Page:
Monday, September 21, 2015

Your Life is an Adventure, But No One Wants to Hear Your Story

I'll never forget the time I came home after living in Tanzania and went to the local bar where many of my high school peers would occasionally hang out. had been gone three years and was dealing with a fair amount of reverse culture shock - and subsequent depressive "funk" - as a result of my return. I self-consciously walked into the bar, saw some people I hadn't seen since highschool and after striking up generic "what have you been up to?" pleasantries with all of them (this was pre-Facebook, people!), I found it a) hard to describe that I had been living in Africa without sounding like a pompous asshole and/or dreaded 'travel snob' and b) interesting that once I did describe what I had been up to, "Err...I've been...in...um....Africa" - no one really cared. Sure, I got a few, "whoa's" and some "very cool's" but, in general, it ended there. No one wanted to know any details about anything I had experienced at all. Zero. 

It was an important lesson for me, and one that I am grateful I learned. While I'm embarrassed to admit I was feeling rather "interesting" and "exotic" coming right off my worldly travels and experiences (I mean, I witnessed a Masai circumcision for crying out loud), the fact that I did not 'hold court' in that hometown bar regaling tales of African adventure served me well by knocking me down a peg. It taught me an important lesson about sharing stories. Namely, that "sharing" plays a huge part in the telling of stories, and if there is not something shared between the listener and the storyteller, the story is irrelevant. A hard pill to swallow for someone who just had the most intense and incredible three years of her life and possesses an almost intrinsic compulsion to share (hence this blog). It doesn't mean that your 'audience' needs to have had the same experience as you, but there must be an interest, a desire...something to connect with. Many of the people in the bar that night had never been out of the country, let alone to Africa, so there was a lack of understanding. Not "ignorance" or "jealousy", simply no frame of reference. It hit me like a ton of bricks: just because you have a story to tell, does not mean others want to hear it. A humbling lesson for a twenty-seven year old gypsy spirit to learn.

Take parenthood, for example. For many of us, our kids dominate our conversations, thoughts, and Facebook feeds. Being parents is the most important thing we will ever do, and those of us who have children cannot imagine a life any other way. We find tremendous joy in watching our children grow and sharing our lives with them. We actively seek out friendships with other parents who understand our happiness and empathize with our struggles. Is parenthood is for everyone? Are people who chose a child-less route are any less fulfilled? Can we no longer sustain conversation and friendships with people who don't have kids? Absolutely not. I believe it's this way with cruising, travel and adventuring. It no doubt enhances and enriches the lives of those that chose it, but it's not for everyone. And that's a good thing.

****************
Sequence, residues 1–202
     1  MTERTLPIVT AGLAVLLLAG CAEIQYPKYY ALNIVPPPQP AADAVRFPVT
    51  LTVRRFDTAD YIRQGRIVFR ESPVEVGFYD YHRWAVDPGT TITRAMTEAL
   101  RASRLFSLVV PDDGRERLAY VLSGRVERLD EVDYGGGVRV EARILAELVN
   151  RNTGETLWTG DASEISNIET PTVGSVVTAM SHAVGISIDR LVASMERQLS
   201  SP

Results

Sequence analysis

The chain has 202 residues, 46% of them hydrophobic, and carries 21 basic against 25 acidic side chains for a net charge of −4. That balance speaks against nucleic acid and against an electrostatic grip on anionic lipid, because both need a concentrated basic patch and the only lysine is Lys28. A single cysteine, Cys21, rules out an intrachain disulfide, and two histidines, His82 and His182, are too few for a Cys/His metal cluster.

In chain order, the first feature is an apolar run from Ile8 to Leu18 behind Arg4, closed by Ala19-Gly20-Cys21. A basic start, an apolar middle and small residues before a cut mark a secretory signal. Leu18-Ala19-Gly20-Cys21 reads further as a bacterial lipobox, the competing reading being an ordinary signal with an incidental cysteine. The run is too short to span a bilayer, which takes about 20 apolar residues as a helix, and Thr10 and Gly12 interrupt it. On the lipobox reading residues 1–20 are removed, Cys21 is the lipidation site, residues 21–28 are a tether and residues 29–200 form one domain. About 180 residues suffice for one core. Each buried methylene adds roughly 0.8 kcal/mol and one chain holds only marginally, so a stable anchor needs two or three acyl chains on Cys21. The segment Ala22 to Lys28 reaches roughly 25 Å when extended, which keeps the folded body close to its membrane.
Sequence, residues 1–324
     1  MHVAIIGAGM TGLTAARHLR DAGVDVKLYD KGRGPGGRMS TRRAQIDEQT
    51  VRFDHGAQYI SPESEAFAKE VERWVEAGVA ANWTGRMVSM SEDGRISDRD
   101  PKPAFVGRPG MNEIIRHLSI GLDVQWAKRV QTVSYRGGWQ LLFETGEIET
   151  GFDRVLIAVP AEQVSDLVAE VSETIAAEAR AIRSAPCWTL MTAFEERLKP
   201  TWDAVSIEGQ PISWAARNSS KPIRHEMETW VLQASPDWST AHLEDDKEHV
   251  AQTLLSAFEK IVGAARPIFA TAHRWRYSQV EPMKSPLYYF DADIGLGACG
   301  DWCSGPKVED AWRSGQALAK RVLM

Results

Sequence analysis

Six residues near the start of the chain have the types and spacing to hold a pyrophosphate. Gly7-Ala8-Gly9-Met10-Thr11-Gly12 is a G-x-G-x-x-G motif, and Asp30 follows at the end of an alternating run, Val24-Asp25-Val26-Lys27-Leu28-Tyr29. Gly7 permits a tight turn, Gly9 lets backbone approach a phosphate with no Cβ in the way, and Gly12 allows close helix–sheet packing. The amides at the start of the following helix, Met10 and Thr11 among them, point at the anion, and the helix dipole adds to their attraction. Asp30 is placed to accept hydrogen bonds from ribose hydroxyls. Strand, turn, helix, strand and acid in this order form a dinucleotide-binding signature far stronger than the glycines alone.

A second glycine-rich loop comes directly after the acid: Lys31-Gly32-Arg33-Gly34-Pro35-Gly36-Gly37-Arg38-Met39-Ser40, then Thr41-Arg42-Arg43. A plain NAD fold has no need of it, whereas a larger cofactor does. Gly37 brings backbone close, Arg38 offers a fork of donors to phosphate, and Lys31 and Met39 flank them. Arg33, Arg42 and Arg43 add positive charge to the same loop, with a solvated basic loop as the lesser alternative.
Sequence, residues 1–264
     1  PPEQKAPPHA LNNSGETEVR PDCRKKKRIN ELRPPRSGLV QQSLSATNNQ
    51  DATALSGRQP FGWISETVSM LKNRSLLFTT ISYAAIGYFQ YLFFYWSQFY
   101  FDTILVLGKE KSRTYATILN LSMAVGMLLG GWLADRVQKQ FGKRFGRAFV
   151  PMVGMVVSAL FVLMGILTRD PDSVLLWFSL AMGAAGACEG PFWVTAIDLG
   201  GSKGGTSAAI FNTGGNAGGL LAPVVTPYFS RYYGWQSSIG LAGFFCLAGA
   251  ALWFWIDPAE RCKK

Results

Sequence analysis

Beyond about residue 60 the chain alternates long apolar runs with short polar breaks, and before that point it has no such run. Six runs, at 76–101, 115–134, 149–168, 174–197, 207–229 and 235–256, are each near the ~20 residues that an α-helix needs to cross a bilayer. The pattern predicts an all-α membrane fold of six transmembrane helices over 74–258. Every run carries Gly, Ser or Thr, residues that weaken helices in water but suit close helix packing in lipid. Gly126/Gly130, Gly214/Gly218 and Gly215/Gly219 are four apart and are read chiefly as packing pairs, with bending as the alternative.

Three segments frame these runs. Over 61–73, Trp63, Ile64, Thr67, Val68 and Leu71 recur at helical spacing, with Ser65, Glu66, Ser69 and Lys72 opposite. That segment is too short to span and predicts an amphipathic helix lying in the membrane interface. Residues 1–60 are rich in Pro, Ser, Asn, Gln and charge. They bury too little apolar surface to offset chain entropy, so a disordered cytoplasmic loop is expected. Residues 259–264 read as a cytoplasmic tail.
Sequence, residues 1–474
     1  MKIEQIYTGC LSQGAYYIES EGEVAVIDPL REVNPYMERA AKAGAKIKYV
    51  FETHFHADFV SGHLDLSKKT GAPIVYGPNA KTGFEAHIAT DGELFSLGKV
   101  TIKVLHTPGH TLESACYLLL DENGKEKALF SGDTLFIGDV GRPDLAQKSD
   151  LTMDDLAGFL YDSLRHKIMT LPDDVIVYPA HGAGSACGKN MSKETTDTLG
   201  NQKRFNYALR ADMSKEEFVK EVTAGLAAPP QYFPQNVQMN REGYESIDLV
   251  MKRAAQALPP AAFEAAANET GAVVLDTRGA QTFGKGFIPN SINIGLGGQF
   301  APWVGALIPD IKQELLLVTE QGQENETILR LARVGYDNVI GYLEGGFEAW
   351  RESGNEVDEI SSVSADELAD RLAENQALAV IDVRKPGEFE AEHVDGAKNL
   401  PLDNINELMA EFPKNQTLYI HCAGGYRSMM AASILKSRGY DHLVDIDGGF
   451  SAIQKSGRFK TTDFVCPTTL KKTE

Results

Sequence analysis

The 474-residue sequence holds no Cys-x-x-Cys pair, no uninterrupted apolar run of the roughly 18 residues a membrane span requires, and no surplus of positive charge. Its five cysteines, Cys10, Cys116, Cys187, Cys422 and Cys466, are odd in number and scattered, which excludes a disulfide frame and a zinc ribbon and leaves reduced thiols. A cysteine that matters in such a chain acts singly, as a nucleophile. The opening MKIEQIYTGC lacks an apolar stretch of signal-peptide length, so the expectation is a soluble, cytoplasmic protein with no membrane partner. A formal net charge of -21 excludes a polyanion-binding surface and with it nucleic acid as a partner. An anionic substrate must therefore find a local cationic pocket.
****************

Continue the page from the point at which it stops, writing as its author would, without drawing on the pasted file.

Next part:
It's the same now, after having lived on the boat. Rarely do Scott and I talk about our travels or life on our boat when we are out with our friends back home. It comes up almost never, and if it does - it's brief and not something we dwell on. Does this mean we don't love our friends? That we have nothing in common with them anymore? That we feel 'lost' in our own country? No, no, and no. We are blessed with amazing friendships that transcend our need to share our experiences abroad and we connect with them on other levels. The fact of the matter is this: not everyone is interested in travel or sailing or adventure. It might seem shocking to us that are, but people find happiness and contentment in many ways. When we get the pleasure to meet up with fellow travelers, adventurers, sailors or soon-to-be cruisers, the questions come flying. Why? Because these are people with whom we share our wanderlust with. People who possess this adventurous spirit, either in desire or in actuality, will revel in your tales from off the beaten path and you will revel in theirs. Stories have a time and place.

So don't be surprised if people aren't asking about what it's like to live on a boat, what it feels like to sail overnight, or what thoughts go through your head when you sail into a squall.... There's a quote that says, "We share with people who've earned the right to hear our story..." and while, at first, that sounds snobbish, I don't think it is. We are each of us a composite of a million stories, and how we connect truly and deeply with another person is in shared experiences. We are all multi-faceted individuals and most of us don't fit into any one single box, we can connect on many levels. We are a conglomeration of many: Traveler. Poet. Surfer. Musician. Writer. Athlete. Widow. Artist. Botanist. Addict. Parent. Teacher. Sailor. Animal lover. Techie. Husband. Wife. Sister. Brother. Daughter...etc.These shared experiences are what 'earn' us the right to hear, and share in, another's story. If you find that people aren't interested in the story you want to tell, don't take it personally; sit back, enjoy their company, and ask questions. You'll find a story that is shared.